It wasn’t until I Providentially “stumbled across” Todd Friel’s TV program, Wretched, one night several years ago that I began to understand what false doctrine was, why it was wrong, biblically, and how it could hurt me and the church. And it wasn’t until I discovered Chris Rosebrough’s Fighting for the Faith that I learned how to compare everything to Scripture – to listen to sermons with a discerning ear and read Christian books with a discerning mind. Todd and Chris taught me the discernment no church ever bothered to mention to me. And from the myriad of discerning Christians I’ve known, heard from, and read about, people like me are the rule, not the exception.
It’s not right that the church isn’t teaching Christians how to be discerning. I think every biblically responsible discernment ministry would agree that it is the church’s job, not a discernment ministry’s, to teach Christians to be bereans. But that’s not happening. And I thank God for those ministries who are standing in the gap- who have helped thousands of Christians like me.
John’s point: “[DNDMs] are unbiblical. What I mean is that there seems to me to be no biblical model or mandate for this kind of ‘ministry’.”
Michelle’s counterpoint: John may hold more closely to the regulative principle than I do, which would, understandably, account for my difference in perspective from this point. We do a lot of things, both in church and in parachurch ministry, that there’s no specific biblical model or mandate for. There’s no biblical model or mandate for vacation Bible school or crisis pregnancy ministry or handing out gospel tracts or even writing for a Christian blog. Yet these, and many other ministries, can carry the gospel to the lost (I’ve heard of many people who have read/listened to DNDMs, realized they were false converts, and have become believers.) and edify the saved – just like discernment ministries can. And there’s certainly a biblical mandate for that.
John’s point: “Did Jesus ever engage in a point by point take down of a particular Pharisee’s teaching that is recorded in Scripture? How much do we know about the Nicolaitans…in Revelation 2:15?… Or… the Colossian heresy…in Colossians 2:8?”
Michelle’s counterpoint: Jesus didn’t do sermon reviews (that we know of) the same way Chris Rosebrough does. But He did publicly enumerate and correct many of the Pharisees’ false teachings in Matthew 23. He publicly clarified Scripture and corrected unbiblical beliefs and false teachings – “You have heard it said…but I say to you…” – in the Sermon on the Mount. He publicly warned people against the false teaching of the scribes, Pharisees, and Sadducees. And every time those scribes, Pharisees, and Sadducees confronted Him with questions or after a miracle, He set them straight for the whole crowd to hear.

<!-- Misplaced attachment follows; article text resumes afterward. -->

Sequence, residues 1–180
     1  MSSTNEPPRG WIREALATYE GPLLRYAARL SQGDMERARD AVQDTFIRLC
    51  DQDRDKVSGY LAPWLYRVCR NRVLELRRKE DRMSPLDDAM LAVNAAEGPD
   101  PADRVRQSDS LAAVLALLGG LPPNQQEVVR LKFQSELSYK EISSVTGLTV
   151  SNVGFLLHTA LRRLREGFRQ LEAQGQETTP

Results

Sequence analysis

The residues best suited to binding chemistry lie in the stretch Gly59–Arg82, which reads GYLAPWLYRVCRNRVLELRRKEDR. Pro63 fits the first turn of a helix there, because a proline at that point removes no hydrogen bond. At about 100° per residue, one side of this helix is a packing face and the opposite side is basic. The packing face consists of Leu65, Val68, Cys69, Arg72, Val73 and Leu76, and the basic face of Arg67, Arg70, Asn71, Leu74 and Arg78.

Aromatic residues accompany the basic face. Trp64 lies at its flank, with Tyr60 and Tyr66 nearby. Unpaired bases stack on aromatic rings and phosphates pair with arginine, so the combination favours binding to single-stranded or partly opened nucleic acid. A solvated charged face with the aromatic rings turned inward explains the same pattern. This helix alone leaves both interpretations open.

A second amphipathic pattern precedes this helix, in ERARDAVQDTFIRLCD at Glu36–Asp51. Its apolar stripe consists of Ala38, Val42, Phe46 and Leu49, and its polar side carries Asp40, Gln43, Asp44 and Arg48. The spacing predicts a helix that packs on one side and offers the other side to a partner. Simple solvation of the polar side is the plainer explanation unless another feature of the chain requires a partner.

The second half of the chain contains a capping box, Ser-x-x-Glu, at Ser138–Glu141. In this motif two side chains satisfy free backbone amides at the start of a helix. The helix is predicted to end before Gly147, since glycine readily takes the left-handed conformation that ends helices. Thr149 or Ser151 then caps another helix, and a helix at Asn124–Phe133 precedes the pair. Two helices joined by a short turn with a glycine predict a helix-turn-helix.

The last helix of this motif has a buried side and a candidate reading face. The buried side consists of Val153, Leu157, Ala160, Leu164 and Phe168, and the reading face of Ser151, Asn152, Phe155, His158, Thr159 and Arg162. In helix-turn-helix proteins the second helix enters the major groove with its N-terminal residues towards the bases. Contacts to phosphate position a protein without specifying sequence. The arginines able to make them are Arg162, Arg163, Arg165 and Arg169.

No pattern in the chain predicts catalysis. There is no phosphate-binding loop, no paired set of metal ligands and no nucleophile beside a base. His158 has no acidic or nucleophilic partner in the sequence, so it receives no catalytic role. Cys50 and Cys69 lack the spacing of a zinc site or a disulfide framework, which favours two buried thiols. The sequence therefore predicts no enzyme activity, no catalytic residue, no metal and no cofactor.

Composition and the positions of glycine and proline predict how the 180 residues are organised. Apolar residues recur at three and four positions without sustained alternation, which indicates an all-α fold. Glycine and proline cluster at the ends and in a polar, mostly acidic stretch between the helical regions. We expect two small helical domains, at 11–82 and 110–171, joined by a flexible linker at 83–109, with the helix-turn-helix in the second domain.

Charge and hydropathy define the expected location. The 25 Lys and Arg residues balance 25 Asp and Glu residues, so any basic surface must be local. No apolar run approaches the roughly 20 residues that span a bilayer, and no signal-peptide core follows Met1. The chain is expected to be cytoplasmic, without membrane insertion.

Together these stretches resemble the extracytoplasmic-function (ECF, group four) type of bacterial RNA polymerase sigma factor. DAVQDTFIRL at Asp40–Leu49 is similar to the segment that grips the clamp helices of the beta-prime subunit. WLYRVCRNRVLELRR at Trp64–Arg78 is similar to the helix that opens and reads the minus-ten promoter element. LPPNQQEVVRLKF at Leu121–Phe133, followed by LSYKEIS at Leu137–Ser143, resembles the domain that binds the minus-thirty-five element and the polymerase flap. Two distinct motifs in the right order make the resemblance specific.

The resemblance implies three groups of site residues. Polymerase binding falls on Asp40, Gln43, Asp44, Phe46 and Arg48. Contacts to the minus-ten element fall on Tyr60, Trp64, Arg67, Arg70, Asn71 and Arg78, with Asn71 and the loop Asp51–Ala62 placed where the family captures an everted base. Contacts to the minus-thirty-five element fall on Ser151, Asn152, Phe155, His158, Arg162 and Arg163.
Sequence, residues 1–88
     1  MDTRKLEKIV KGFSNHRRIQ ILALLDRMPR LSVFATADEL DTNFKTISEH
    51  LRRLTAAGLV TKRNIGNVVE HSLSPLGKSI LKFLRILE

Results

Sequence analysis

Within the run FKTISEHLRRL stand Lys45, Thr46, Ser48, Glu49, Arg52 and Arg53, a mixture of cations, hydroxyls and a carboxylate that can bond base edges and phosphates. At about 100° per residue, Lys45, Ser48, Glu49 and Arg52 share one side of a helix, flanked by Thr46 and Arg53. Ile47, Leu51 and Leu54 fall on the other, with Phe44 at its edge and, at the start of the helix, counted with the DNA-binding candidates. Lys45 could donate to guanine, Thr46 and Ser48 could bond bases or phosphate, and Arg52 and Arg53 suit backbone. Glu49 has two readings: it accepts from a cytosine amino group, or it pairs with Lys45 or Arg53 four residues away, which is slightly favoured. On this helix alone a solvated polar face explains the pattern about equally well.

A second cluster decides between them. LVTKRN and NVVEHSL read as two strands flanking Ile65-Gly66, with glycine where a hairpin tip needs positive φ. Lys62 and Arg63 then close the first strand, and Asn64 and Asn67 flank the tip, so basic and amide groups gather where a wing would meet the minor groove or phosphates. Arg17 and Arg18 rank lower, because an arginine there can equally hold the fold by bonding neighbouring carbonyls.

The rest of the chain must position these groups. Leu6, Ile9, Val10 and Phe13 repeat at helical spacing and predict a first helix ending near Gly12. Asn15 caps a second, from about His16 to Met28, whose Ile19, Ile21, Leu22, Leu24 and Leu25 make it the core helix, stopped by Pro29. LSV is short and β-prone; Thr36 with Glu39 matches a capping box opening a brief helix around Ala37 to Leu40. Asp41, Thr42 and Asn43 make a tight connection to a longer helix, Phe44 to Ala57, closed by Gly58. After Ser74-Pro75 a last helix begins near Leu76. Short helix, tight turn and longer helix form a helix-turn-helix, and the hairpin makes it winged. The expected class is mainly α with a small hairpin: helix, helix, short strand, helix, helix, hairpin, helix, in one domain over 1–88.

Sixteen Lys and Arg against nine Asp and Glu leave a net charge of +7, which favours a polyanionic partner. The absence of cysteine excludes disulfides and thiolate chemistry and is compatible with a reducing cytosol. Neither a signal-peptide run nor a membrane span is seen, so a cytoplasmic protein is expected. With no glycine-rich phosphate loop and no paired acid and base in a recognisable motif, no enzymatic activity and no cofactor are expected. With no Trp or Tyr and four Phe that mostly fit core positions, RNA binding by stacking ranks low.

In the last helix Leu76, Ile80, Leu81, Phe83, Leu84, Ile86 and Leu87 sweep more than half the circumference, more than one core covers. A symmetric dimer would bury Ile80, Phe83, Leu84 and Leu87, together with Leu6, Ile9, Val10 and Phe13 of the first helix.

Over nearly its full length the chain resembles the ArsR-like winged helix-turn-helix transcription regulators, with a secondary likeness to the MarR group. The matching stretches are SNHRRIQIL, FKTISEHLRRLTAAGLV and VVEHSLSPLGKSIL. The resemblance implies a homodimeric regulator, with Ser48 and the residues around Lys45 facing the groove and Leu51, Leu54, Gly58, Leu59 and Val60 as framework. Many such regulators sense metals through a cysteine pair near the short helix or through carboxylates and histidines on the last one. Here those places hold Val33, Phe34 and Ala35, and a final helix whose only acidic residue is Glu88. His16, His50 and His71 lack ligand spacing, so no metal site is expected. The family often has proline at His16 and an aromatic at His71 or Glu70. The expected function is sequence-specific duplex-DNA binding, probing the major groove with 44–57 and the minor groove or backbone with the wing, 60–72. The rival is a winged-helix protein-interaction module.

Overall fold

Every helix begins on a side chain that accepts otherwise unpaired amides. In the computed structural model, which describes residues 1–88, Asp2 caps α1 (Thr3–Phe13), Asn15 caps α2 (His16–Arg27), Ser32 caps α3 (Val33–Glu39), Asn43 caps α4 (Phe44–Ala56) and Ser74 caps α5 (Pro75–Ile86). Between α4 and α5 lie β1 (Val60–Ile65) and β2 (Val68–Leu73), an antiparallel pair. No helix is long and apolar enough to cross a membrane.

As to the Nicolaitan and Colossian heresies, Colossians and Revelation 2 were addressed to particular churches. Just because we may not know much about these heresies doesn’t mean the Ephesian and Colossian churches weren’t thoroughly familiar with them. Perhaps that’s why John and Paul didn’t elaborate- because their intended audiences were already knowledgeable about those heresies. And perhaps the reason they might have been familiar with those heresies is that they were constantly being warned about them. Every book in the New Testament (except Philemon) warns against false teaching or false teachers.
Not so with the church today. Christians are not only not being warned about the heresies and false teachers running rampant in evangelicalism, undiscerning pastors are actually embracing false teachers, inviting them to speak at their churches, simulcasting their conferences, sharing their social media posts, and ordering their materials for the church’s small groups. And the church at large is so biblically illiterate that Christians have no idea they’re being fed false doctrine.
John’s point: “Curiously many discernment mavens will quote 1 Peter 3:15 as a text that supports what they do. But to be blunt, it doesn’t, not by a long shot…. This is about being ready to proclaim Christ to those who would persecute you.”
Michelle’s agreement: I could not agree with this point more. This verse isn’t about discernment. (I usually hear this verse more frequently in support of apologetics ministries, and it isn’t about apologetics, either.) It’s about evangelism.